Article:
deed there Is every evidence that It
has increased. The experience of
great numbers of Americans In the
navy nnd the merchant marine nnd
the stimulus given to nautical mat
tors by the restoration of our flag to
n respectable place in the world's
carrying trade have been reflected In
many ways scarcely to be expected,
Toy boat sailing, for example, has
more practitioners, Juvenile and
adult, now than ever before.
Perhaps tho lethargy which has
possessed the public during tho prep
arations for the race will disappear
when the yachts are ready to cross
tho line. The general hope will be for
weather which will give each sloop
opportunity to show her best nnd
test the skill of the amateur sailing
masters who will handle them.
May the best boat win !
Capture of $100,000 worth of whiskey
consigned to a dealer in barbers' sup
piles suggests that a growing number
of barbers' patrons aro now answering
the question "Little alcohol on the
face, sir?" with "Why, yes er Inside
the face, please."
An expert who has been studying
the season's baseball probabilities is
all a-trcmblo over the discovery that
there may l no Ohio in November;
none to speak of except in terrified
tones, merely a battlo torn waste In
habited by shell shocked babblers. It
is his conclusive and abiding belief
that tho Cleveland American and the
Cincinnati National baseball clubs will
bo the contenders in this season's in
terleasuo series. Imagination bog
gles at the prospect of two contend
ers for White House honors and two
for world series glory all playing
their games to tho bitter end, at grips
in the lino of fighting which will take
all summer, pent in that temperamen
tal State. Friends must at once pro-
vido homes hero in Now Tork to be
occupied by Senator lUnoiNQ and Gov
ernor Cox, as Ohio will b neither safe
nor sano for a generation to come if
the expert's opinion shall bo Justified
by Cleveland and Cincinnati going Into
tho finals A devastating emotional
cataclysm would follow-
The Cop Itaet,
Bald tho Wind to the Sa: J
"It is up to u twain
It the Shamrock shall flee
Or the Resolute gain.
Let the best boat rejoice,
For I ay on my oath,
Though I may have my eholc
I am blowing them both."
Said the Sea to the Wind:
"I agree with you, matt:
Pretty hopes I have pinned
On the victory great.
I have preference atrong,
Though to tell I am loath,
But they know all along
r supporting them both."
Join Firemen In Donounoliiff
20 Per Cent Baals of
Hylan Assailed, la Guartlia
and Curran Tralscd by Low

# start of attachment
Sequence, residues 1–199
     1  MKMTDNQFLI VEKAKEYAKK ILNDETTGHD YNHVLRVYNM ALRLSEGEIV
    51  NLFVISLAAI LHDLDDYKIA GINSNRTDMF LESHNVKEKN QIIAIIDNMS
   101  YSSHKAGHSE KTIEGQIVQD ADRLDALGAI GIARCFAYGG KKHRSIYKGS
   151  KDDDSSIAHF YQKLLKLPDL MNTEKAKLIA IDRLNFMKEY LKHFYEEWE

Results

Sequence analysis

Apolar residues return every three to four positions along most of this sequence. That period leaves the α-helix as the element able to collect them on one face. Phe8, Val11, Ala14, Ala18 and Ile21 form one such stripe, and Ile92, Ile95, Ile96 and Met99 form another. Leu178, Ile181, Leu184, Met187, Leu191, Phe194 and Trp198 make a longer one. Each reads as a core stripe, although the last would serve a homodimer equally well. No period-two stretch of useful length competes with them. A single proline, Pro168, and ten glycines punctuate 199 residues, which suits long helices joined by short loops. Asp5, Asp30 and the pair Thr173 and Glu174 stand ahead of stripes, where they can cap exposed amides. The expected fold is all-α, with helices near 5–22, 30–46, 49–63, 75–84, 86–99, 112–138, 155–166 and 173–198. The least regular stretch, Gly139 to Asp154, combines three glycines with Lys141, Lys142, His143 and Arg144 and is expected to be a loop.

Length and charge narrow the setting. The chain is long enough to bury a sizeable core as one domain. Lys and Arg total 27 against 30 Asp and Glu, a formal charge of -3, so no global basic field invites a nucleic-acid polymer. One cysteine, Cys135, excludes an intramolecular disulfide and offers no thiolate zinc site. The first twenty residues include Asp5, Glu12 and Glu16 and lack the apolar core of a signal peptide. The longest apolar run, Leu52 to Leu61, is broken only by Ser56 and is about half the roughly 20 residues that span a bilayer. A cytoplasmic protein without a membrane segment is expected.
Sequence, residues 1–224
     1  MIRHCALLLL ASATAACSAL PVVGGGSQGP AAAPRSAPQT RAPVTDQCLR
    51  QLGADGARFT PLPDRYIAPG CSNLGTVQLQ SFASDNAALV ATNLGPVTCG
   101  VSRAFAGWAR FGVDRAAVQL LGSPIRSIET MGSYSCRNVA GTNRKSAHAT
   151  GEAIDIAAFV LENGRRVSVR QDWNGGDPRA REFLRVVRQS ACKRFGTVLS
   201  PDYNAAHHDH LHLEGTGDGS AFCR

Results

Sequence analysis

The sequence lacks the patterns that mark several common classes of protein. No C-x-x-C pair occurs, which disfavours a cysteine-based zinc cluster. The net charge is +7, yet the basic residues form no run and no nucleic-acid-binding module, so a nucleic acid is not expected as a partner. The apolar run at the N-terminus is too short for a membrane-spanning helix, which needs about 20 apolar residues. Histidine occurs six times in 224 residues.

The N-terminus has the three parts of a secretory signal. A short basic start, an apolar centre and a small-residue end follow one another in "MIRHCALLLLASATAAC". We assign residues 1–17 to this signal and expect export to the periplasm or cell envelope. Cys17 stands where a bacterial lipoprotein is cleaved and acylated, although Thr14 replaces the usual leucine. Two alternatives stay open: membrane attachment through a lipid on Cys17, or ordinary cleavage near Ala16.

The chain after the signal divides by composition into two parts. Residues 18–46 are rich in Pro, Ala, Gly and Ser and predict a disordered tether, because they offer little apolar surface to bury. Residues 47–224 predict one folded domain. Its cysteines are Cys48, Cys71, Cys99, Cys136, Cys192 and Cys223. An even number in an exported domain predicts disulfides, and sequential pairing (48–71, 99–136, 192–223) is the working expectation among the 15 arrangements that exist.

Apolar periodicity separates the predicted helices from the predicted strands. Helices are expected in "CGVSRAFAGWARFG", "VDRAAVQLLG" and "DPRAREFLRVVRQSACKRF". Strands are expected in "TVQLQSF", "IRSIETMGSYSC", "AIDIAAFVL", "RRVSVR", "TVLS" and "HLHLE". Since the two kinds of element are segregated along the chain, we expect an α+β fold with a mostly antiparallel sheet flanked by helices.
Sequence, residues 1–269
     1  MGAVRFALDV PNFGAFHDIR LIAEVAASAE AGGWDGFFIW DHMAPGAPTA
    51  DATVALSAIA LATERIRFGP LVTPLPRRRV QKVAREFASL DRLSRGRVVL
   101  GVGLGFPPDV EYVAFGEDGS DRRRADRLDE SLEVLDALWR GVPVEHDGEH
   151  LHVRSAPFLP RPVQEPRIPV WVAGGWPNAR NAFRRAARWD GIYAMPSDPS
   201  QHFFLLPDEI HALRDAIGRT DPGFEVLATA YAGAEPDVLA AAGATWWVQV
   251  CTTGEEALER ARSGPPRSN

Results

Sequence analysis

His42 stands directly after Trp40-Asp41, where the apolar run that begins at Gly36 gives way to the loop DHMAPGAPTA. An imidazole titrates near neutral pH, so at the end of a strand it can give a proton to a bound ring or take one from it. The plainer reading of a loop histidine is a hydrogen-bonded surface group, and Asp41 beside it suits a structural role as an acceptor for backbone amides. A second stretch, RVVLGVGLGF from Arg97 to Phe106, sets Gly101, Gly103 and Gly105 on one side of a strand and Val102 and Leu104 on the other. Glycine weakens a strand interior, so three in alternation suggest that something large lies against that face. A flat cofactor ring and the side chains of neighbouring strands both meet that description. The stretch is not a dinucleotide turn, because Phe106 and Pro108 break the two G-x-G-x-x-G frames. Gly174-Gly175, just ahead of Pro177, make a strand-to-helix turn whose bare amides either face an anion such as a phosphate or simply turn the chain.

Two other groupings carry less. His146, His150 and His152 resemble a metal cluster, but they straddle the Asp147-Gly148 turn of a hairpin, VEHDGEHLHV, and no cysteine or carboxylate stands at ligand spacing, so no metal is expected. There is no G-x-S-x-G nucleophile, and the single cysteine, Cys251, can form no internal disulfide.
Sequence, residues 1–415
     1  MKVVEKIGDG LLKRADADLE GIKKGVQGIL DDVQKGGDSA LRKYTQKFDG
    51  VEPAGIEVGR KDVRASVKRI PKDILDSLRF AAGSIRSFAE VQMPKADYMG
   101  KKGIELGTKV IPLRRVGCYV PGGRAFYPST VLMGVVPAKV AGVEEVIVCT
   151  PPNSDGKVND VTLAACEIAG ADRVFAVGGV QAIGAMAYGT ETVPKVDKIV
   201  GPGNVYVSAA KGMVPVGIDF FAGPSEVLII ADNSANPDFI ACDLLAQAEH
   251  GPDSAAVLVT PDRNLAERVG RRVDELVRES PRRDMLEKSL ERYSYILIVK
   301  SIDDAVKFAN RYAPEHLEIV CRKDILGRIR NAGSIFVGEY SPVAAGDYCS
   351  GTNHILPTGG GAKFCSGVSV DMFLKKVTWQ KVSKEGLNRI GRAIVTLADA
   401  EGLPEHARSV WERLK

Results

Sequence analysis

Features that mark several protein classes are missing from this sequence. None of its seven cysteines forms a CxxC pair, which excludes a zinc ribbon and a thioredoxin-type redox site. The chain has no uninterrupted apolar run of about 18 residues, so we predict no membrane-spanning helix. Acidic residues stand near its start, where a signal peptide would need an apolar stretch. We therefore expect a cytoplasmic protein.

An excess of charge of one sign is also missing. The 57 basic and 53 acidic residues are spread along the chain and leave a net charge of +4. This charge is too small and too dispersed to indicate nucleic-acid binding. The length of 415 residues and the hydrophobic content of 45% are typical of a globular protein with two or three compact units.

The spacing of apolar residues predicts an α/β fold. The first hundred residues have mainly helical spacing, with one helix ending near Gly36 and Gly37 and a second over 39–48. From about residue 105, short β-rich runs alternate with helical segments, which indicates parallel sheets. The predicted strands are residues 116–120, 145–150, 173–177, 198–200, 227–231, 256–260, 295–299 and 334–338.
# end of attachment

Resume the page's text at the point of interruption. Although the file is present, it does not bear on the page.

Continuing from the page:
Salaried Employees.
More than 40,000 city omployecs wolte
up yesterday to the fact that tho 20 per
cent, salary increase trranted them the
day bofore by the Hylan administration,
ostensibly to help the "llttlo fellow"
combat the IiIrIi cost of llvlntr, turned
out to be a blind for tho biggest melon
cutting the Tammany outfit has held In
many years.
Tho fact that stood out was that while
sums of :00 or 1300 wero belngr doled
out magnanlmounly to tho rank and file,
sioo.000 was passed up tho lino to
the Tammany leaders and political ap
polntees receiving: already ni6re than
$3,000 a year each, and somo of them as
high ns S10.000.
The spectacle of a cltv coi'cmment
handing out with one hand a 44 In
crease to tho $220 a year hospital cm
ployco who ministers to the city's alck
poor, and with tho other hand slipping
i,uou to a 110,000 district leader was
worth pausing to contemplate, the cltl-
xenry numiuefl.
Hero's How They Split. '
Here la a partial Hat of tho most rem
plcuous beneficiaries of tho Tammany
melon: i
John It, McCooey. Tnmmanv hosa of
Kings county the Mayor's own county
una nis js.oqo salary aa chief clerk of
the. Surrogate'! Court hnoated tn
110,800 ; P. J. Scully, city clerk and a
lammany district leader of Manhattan,
gets 1,400 added to his $7,000; M. J.
cruise. lammany leader n the Twelfth
Assembly district. Manhattan, boostod
irom J6.000 to J6.000 as denutv cltv
clerk: John M. Quale, leader of tho First
district, Brooklyn, gets $680 added to
his 13,300 salary as 'denutv cltv clerk
John K Slnnott, sondn-law of the Muyor
and son of James P. Slnnott, the Tarn-
nun)- leaner in me Twenty-second
Itrooklyn district, has SI. 300 added to
his $6,500 salary aa secretary to his
father-in-law; Frances W. Itakuee, the
Mayors stenographer, has her 15.800
Doostett ny JI.IKD; Augustlno Keller, ex
ecutlvo secretary to tho Mayor and a
Tammany leader In Manhattan, $960
added to his $4,800; John J. Glennon,
clerk to the Mayor and alro a Manhat